As Robert Mueller continues to tighten his vise around the Trump administration, the president released a caustic new 30-second campaign-style ad on Tuesday morning, perhaps in a doomed effort to change the subject.
Being a product of team Trump, the ad is by nature a deeply strange piece of video — but this one may be even more curious than usual. A brief list of its oddest elements:
1) Ill-Timed Obamacare Preoccupation
Was this ad cut in September? No, because Florida congresswoman Frederica Wilson makes an appearance, and she only recently vaulted into the national consciousness two weeks ago. So why does it spend half of its brief running time attacking Democrats for obstructing repeal of the Affordable Care Act, weeks after the latest last-ditch effort to do so failed in Congress — and at the hands of the GOP, not the Democrats? Every Republican has now moved on to the party’s true passion: cutting taxes for millionaires. Keep your eye on the ball, Mr. President!
2) A Very Loose Definition of the “Radical Left”
The ad shows grainy images of known traitors Al Franken, Frederica Wilson, Bernie Sanders, Chuck Schumer, and Nancy Pelosi, then accuses Democratic lawmakers of blocking Obamacare repeal to appease “the radical left,” which is represented by menacing marchers with bandannas over their mouths. But while it’s likely true that the Graham-Cassidy bill and its repeal-and-replace predecessors were unpopular among members of Antifa, they were also all despised by the general public. And while equating Republican nay-voters, such as Susan Collins, with the black bloc may excite the likes of Sean Hannity, it’s clearly not a sentiment shared by many other Americans.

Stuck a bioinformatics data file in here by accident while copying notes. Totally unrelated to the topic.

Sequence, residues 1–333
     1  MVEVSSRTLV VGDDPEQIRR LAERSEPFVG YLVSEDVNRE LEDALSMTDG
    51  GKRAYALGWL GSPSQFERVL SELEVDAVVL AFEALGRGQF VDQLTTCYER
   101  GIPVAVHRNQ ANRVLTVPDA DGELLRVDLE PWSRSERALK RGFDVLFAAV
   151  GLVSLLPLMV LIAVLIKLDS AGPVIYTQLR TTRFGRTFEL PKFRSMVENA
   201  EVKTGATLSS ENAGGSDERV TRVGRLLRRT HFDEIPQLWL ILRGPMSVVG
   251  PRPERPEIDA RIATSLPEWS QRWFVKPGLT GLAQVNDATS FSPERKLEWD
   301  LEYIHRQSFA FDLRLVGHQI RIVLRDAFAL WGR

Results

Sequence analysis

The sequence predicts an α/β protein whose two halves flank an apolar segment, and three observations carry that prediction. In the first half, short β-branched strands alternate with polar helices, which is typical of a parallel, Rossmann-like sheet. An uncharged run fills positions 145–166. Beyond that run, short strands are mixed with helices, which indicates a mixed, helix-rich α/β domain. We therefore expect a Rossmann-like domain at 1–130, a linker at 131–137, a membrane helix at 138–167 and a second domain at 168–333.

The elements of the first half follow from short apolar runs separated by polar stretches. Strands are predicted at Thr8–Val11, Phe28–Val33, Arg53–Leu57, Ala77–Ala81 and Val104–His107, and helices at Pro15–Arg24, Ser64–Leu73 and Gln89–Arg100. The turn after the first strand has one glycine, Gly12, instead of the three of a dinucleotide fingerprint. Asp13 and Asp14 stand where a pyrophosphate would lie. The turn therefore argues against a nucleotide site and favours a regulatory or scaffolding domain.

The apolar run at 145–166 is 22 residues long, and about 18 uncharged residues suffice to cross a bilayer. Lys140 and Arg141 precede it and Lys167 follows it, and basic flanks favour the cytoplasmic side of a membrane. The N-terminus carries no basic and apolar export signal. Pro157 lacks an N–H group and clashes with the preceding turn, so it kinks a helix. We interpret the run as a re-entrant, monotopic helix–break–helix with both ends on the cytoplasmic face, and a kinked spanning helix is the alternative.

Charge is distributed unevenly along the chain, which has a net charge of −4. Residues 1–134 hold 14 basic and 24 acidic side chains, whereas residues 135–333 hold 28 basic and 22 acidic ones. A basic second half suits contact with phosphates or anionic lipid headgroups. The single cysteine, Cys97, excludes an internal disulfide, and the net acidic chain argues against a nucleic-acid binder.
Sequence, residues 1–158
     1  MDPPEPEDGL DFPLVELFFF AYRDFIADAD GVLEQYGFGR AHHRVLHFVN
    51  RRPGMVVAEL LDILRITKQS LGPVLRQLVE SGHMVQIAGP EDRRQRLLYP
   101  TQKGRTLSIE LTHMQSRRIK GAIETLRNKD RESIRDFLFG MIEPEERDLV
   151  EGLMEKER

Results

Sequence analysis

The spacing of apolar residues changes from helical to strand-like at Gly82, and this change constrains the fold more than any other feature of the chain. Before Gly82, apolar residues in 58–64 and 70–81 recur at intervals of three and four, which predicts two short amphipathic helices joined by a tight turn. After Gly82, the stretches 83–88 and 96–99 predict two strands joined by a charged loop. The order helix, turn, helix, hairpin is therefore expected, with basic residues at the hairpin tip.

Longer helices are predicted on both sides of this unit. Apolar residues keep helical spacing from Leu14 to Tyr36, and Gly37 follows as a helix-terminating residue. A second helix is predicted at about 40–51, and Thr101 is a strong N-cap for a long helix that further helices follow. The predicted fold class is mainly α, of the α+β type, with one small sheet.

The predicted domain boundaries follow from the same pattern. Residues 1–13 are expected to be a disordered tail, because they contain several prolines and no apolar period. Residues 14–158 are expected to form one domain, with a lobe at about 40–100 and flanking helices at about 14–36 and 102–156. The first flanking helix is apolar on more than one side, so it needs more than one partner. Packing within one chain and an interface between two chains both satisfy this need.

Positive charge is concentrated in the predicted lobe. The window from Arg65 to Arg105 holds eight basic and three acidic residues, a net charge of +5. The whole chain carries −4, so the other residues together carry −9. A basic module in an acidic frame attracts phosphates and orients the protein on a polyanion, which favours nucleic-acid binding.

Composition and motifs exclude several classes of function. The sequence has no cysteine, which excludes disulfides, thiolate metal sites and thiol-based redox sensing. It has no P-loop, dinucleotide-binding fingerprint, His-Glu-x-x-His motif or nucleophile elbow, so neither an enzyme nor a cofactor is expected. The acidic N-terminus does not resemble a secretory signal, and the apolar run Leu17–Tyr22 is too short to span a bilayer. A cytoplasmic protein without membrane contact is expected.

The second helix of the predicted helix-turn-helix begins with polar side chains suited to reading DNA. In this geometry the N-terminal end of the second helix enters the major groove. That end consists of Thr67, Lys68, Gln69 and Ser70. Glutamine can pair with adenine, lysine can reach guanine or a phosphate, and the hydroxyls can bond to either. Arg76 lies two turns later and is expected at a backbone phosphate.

3) The Dictatorial Overtones
“President Trump will fix it. He wants what’s best for the American people,” the ad’s narrator intones, as Trump strides across the screen. True, we’ve heard this kind of solipsistic authoritarian bluster from the president before, most famously during his convention speech last year. But it’s still bracing to hear rhetoric usually associated with a sunglasses-wearing military strongman used for an American president, particularly when every piece of evidence points to the fact that President Trump will fix precisely nothing. (Oh, and the ad’s key line recalls the slogan of a now-disgraced British TV entertainer, though that’s admittedly a deep cut for American viewers.)
The ad closes with a plea for viewers to urge Democrats to cooperate with Trump, which is in itself a rather strange (and unrealistic) request, given the president’s relentless unpopularity.
All in all, the ad is among the most peculiar TV offerings we’ve seen from the White House. But if there’s one thing we can count on with this administration, it’s that things will always get weirder.